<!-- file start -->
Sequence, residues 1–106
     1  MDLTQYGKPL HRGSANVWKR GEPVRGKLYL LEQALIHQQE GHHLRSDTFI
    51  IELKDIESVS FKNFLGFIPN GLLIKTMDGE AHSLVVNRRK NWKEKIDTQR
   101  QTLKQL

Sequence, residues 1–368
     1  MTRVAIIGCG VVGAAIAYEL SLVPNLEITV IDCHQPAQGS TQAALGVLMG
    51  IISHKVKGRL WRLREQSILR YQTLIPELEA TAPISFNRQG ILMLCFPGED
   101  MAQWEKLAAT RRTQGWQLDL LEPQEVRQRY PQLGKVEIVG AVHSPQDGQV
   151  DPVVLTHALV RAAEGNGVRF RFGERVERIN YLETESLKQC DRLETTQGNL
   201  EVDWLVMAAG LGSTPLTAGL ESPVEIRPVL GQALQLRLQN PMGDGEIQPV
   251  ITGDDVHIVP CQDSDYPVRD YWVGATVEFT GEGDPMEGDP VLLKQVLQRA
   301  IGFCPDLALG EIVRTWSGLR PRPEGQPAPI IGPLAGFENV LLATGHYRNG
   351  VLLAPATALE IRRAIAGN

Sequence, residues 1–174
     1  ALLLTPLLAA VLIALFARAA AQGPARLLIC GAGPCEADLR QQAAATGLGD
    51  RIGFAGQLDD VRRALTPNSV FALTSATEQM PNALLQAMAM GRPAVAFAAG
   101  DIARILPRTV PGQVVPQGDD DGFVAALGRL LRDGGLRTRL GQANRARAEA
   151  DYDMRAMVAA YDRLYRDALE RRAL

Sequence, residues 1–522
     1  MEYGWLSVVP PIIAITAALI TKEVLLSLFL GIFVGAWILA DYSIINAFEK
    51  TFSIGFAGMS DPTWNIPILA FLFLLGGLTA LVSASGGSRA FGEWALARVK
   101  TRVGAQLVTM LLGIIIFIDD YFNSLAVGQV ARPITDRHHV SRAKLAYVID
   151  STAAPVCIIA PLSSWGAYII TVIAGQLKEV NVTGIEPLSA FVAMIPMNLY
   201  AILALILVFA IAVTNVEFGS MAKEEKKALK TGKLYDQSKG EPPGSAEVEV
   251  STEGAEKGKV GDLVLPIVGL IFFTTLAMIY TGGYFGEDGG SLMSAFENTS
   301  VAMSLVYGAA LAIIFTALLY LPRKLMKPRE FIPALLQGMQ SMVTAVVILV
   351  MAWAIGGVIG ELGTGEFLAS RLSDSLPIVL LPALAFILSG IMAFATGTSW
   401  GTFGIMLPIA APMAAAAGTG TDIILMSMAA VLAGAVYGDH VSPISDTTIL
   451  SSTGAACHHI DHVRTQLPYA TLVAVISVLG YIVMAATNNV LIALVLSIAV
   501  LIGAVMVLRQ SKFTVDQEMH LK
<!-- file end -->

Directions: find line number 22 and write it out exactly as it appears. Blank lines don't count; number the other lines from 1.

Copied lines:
   101  TRVGAQLVTM LLGIIIFIDD YFNSLAVGQV ARPITDRHHV SRAKLAYVID